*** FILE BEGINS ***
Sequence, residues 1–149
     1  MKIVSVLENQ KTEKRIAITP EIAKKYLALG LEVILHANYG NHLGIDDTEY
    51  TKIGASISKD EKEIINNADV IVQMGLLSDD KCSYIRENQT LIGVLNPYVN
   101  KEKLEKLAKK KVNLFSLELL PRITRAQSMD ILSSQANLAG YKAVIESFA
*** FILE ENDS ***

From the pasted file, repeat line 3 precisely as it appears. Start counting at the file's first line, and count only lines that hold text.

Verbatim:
    51  TKIGASISKD EKEIINNADV IVQMGLLSDD KCSYIRENQT LIGVLNPYVN